Crawford Featured in WQAD News StorySeptember 15, 2014
A carbon monoxide leak at North Mac Elementary School in Girard, Illinois sent 140 people to the hospital on Monday, according to WICS, an ABC affiliate in Springfield, Illinois.
Reports stated that students and staff members began feeling sick and were evacuated from the building.
In Illinois and Iowa, schools are not required to install carbon monoxide detectors, although homeowners are. Connecticut and Maryland are the only two states to require carbon monoxide detectors inside schools.
"It is an odorless, tasteless gas; unless you have a detector, you’re not going to know it’s even there,” Jeni Rochholz said, a service tech for Crawford Company Heating and Cooling.
CO is found in combustion fumes, such as those produced by cars and trucks, stoves, lanterns, burning charcoal and wood and heating symptoms.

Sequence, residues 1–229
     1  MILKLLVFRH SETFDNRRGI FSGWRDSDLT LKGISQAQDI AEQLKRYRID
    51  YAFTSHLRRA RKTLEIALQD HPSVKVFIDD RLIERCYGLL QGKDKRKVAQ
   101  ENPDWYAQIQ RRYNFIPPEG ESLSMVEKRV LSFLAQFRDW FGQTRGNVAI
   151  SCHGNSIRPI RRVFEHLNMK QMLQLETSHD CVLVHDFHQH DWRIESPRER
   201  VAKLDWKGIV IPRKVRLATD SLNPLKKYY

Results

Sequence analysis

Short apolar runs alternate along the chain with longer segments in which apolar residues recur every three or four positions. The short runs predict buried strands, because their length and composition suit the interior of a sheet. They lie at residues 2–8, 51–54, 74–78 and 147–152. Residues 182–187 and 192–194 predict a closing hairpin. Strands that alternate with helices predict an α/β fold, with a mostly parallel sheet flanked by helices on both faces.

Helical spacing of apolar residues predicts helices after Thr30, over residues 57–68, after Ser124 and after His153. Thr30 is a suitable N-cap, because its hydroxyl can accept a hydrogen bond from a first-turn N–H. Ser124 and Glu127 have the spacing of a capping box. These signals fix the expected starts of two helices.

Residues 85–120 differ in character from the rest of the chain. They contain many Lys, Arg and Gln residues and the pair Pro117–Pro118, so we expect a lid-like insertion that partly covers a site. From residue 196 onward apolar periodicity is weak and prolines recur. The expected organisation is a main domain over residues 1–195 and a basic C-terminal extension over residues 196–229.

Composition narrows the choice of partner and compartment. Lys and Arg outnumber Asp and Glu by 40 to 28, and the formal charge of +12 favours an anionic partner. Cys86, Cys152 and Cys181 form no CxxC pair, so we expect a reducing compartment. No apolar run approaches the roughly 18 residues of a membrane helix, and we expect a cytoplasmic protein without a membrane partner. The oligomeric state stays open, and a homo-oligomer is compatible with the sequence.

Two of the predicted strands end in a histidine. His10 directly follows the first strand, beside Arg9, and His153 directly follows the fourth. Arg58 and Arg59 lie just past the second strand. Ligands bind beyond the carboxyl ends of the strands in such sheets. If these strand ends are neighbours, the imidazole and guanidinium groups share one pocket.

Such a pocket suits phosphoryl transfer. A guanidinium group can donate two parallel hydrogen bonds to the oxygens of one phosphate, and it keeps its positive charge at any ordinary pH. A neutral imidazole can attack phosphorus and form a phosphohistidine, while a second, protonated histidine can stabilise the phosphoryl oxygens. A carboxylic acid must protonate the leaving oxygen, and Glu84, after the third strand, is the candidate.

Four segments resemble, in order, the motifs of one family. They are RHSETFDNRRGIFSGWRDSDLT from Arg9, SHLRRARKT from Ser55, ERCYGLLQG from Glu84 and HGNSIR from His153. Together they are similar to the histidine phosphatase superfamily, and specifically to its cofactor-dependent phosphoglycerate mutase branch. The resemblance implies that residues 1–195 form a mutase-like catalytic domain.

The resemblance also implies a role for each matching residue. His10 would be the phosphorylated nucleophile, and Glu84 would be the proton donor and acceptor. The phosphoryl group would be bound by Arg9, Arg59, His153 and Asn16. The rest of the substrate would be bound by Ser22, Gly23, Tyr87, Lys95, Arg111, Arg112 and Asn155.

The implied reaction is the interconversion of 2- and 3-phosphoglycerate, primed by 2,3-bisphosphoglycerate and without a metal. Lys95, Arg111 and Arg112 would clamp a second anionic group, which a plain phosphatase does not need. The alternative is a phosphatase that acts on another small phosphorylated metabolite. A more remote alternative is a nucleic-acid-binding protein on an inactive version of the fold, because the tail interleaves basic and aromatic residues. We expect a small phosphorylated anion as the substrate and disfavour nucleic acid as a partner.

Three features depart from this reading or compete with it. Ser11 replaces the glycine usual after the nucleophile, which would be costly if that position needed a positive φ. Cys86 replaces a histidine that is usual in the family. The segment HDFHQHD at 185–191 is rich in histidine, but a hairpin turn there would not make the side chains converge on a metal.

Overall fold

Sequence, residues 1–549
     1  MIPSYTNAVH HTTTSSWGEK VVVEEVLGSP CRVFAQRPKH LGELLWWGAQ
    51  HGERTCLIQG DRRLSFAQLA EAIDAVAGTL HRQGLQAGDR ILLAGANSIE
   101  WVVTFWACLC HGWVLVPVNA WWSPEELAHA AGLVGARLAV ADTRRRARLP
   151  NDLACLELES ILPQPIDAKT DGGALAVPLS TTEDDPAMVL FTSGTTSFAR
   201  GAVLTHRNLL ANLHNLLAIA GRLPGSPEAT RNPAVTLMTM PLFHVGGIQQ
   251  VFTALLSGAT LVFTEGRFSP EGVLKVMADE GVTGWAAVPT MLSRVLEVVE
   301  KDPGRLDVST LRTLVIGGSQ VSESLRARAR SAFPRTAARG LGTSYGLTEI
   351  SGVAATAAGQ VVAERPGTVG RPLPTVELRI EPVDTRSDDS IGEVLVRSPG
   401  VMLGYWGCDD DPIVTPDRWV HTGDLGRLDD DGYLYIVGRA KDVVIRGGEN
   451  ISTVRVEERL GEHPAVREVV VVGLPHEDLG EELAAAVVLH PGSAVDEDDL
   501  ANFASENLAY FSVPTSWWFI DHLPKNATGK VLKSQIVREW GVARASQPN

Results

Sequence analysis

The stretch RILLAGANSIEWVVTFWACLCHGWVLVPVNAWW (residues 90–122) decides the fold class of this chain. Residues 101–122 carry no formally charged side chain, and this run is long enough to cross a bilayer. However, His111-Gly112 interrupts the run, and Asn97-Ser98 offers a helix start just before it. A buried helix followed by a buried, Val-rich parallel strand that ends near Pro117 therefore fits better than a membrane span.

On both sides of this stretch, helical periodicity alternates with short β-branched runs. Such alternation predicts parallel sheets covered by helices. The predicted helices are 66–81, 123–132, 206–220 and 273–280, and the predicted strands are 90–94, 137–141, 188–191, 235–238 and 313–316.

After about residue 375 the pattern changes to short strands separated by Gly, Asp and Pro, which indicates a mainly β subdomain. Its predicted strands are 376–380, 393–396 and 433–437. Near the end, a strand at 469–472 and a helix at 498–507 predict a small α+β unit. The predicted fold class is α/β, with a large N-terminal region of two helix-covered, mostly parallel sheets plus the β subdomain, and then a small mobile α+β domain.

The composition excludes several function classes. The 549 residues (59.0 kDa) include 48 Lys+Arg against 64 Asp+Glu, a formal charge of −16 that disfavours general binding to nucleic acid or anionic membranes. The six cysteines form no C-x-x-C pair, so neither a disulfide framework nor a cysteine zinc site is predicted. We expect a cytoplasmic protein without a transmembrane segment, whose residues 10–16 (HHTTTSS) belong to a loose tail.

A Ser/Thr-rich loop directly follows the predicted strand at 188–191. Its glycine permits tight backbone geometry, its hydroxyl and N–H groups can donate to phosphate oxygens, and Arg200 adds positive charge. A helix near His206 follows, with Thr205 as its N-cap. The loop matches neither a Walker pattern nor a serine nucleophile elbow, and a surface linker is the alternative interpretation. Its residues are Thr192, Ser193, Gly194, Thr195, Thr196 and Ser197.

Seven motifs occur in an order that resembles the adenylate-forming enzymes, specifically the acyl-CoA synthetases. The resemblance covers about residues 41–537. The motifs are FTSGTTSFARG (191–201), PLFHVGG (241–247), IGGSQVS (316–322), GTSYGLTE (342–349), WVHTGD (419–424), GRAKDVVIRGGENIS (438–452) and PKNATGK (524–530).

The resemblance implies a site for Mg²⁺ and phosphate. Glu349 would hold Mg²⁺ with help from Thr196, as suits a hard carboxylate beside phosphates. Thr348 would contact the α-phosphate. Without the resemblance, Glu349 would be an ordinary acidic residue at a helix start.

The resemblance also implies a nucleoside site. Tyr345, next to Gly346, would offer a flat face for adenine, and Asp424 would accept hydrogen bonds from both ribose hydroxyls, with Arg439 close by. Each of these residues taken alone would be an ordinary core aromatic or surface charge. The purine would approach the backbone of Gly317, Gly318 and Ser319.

Symptoms of carbon monoxide poisoning include: nausea, weakness, lightheartedness, vomiting, chest pain and confusion. CO levels between 10-15 ppm, or parts-per million, can be lethal, Jeni said.
When temperatures begin to cool in the fall, Jeni’s job is critical: ensure there isn’t carbon monoxide leaking from her client’s furnaces. She said carbon monoxide, scientifically referred to as CO, occurs when carbon in fuel is not burned completely.
On Tuesday, News 8 found that the following schools currently have carbon monoxide detectors: Rock Island Schools and Pleasant Valley Schools.
Officials with Bettendorf and North Scott Schools stated they don’t have carbon monoxide detectors.
Moline Schools don’t have carbon monoxide detector; however, Dr. David Moyer said the schools don’t use gas heating.
Officials with Davenport Schools have yet to respond to our call.